With deep roots in traditional music and guided by the ambition of bringing the đàn tranh to a new expressive domain, Nguyễn Thanh Thủy started working with contemporary composers some ten years ago. The solo đàn tranh composition Khói Sóng was the first result of a collaboration with the Vietnamese/French composer Nguyễn Thiện Đạo. Though born in Vietnam, he has lived in France since 1953, where he also caught fame as a composer. In 1974 he received the Prix Olivier Messiaen for composition awarded by the Erasmus Foundation in the Netherlands and the Prix Andre Caplet (Académie des Beaux-Arts) in 1984. In later years he has shared his time between Hanoi and Paris and has also been increasingly engaged with traditional Vietnamese instruments and the musical heritage of the country. Since the beginning of this collaboration in 2004, Thủy has discovered many new sonorities in her instrument and has been forced to develop several new playing techniques. The making of Khói Sóng has since then led to a number of new compositions and they are all brought together and recorded for the first time on this CD.
Nguyễn Chín Bính and Phạm Thúy Hoan were the first composers to write for the đàn tranh in the 1970s and 80s. As we can hear in the works on this CD, though the melodic material is taken from traditional Vietnamese music, the form in these pioneering works is inspired by Western idioms.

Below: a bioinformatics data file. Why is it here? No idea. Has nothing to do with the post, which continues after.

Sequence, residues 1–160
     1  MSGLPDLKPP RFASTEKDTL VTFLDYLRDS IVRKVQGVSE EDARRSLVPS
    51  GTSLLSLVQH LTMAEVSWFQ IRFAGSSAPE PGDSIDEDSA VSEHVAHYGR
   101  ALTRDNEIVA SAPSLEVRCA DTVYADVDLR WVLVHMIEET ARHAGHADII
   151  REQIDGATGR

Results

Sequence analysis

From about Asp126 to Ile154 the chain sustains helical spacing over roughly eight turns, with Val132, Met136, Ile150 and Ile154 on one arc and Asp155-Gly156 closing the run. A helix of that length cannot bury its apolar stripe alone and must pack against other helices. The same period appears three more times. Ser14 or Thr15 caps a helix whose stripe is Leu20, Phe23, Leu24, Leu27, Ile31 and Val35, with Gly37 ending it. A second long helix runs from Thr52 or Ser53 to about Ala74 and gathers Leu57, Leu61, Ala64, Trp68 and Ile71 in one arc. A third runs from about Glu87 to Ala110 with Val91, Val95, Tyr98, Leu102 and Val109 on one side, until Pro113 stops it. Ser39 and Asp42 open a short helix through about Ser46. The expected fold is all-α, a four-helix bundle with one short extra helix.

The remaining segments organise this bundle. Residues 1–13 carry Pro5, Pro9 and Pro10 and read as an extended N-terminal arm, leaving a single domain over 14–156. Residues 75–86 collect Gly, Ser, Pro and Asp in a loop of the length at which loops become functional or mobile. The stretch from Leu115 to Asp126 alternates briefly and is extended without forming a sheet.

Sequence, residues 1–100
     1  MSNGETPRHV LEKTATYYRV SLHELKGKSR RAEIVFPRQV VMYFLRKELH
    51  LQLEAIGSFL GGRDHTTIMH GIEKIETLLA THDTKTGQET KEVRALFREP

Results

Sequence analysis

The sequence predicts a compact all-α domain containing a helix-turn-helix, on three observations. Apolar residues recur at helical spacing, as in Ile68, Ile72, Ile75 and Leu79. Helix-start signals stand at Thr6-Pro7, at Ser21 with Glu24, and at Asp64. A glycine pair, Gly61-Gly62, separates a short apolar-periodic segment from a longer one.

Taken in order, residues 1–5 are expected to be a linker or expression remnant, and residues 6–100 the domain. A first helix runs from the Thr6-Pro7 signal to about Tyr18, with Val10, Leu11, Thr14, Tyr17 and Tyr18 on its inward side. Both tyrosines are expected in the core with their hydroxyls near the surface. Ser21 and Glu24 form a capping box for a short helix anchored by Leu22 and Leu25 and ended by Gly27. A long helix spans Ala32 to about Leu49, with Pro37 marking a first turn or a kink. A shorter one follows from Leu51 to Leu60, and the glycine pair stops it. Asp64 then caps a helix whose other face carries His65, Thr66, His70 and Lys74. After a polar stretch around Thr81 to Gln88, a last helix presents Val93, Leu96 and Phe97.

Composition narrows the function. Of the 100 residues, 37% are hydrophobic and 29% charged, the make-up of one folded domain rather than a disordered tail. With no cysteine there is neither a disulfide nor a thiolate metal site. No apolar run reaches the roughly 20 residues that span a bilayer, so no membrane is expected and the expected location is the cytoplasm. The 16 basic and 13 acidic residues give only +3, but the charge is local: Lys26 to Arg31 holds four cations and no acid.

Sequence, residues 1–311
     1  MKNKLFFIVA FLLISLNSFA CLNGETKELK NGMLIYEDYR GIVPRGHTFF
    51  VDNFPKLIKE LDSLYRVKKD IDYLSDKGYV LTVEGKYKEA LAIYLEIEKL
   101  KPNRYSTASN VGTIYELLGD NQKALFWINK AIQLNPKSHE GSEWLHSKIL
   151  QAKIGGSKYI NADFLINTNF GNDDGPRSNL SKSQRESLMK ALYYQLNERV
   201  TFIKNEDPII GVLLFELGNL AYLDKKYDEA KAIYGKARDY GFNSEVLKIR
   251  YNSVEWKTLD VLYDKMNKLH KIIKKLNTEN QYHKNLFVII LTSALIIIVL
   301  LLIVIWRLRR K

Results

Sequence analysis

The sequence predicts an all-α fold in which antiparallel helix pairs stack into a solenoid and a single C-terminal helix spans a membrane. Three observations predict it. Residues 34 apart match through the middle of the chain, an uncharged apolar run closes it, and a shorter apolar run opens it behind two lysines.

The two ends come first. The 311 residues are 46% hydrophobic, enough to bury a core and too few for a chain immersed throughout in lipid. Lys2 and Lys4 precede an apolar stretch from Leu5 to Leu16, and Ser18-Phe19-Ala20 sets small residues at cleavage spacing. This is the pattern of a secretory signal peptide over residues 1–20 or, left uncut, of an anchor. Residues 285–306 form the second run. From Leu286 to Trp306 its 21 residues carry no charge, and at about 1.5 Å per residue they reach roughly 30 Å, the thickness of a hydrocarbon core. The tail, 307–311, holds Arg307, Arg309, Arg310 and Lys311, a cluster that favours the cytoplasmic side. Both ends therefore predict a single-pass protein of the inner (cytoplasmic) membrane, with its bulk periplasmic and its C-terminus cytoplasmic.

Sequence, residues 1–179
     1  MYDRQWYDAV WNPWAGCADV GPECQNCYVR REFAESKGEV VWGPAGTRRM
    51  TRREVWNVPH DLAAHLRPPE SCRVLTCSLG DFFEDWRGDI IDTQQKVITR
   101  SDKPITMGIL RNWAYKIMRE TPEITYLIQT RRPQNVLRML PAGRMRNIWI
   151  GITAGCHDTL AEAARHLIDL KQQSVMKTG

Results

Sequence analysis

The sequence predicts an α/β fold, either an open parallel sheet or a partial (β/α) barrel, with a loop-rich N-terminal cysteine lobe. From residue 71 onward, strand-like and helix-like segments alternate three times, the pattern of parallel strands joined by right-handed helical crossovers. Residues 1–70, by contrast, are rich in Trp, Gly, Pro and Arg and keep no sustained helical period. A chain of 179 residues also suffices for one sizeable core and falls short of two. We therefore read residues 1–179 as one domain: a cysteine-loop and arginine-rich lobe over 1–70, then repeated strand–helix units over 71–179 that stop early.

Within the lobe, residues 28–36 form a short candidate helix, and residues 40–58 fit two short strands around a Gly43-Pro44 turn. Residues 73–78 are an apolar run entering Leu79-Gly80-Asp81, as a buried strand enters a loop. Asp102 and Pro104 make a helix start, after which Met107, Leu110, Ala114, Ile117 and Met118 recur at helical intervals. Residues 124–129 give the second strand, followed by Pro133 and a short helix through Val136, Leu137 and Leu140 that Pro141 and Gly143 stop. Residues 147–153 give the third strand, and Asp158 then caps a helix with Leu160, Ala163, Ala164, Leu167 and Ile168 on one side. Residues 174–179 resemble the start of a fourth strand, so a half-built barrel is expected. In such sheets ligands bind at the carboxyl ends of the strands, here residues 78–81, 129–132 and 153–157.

Xu Xiao Lin lives in Beijing, China, and is one of the most important composers for the guzheng. In a festival of music for the family of Asian zithers, she was impressed by the sameness and difference between the đàn tranh and the guzheng. Starting from this inspiration she composed Giai Điệu Sông Hồng, a piece for đàn tranh and guzheng. This piece has been played in China, Vietnam and Singapore.
Continuing her journey, Nguyễn Thanh Thủy has been working with her Swedish/Vietnamese group The Six Tones since 2006, driven by the more serious ambition of creating a foundation for a meeting between two distinct musical cultures on equal terms. Another intention has been to reach beyond a mere collage-like superimposition of elements and to strive for a more complex and experimentally oriented sound. Kent Olofsson, a Swedish composer – famous both for his chamber music and solo works as well as for his orchestral music – was attracted by the challenge of The Six Tones and composed two pieces for the group. Mirages I (2009) and Mirages II (2010) When he wrote the pieces he was relating to (and intentionally also challenging) the idiomatics of the traditional instruments but he employed only compositional techniques from Western art music. But when he took part in the recording sessions in the summer of 2011 he was struck by the way in which the traditions of Vietnamese music emerged through the resistance that the composed structures afforded: ‘it became like a mirror of my own compositional practice, opening up new perspectives on my own work. The music sounds a bit like a mirage, sliding between different ways of listening, between traditions, cultures and ways of being.’
1. Cửu Long Quê Hương Tôi / Nguyễn Chín Bính 3’23
2. Suối Tranh / Nguyễn Thiện Đạo 7’05
3. Mirage I: The Persistence of Time / Kent Olofsson 3’19
4. Giai Điệu Sông Hồng / Xu Xiao Lin 7’39
5. Khói Sóng / Nguyễn Thiện Đạo 8’50
6. Mùa Thu Quê hương / Nguyễn Thúy Hoan 6’34
7. Mirage II: Reflecting Swans / Kent Olofsson 6’32
8. U Minh Bất Khuất / Nguyễn Chín Bính 5’58
9. Tơ Đồng Trio / Nguyễn Thiện Đạo 13’21
Hãng Phương Nam Phim phát hành 2013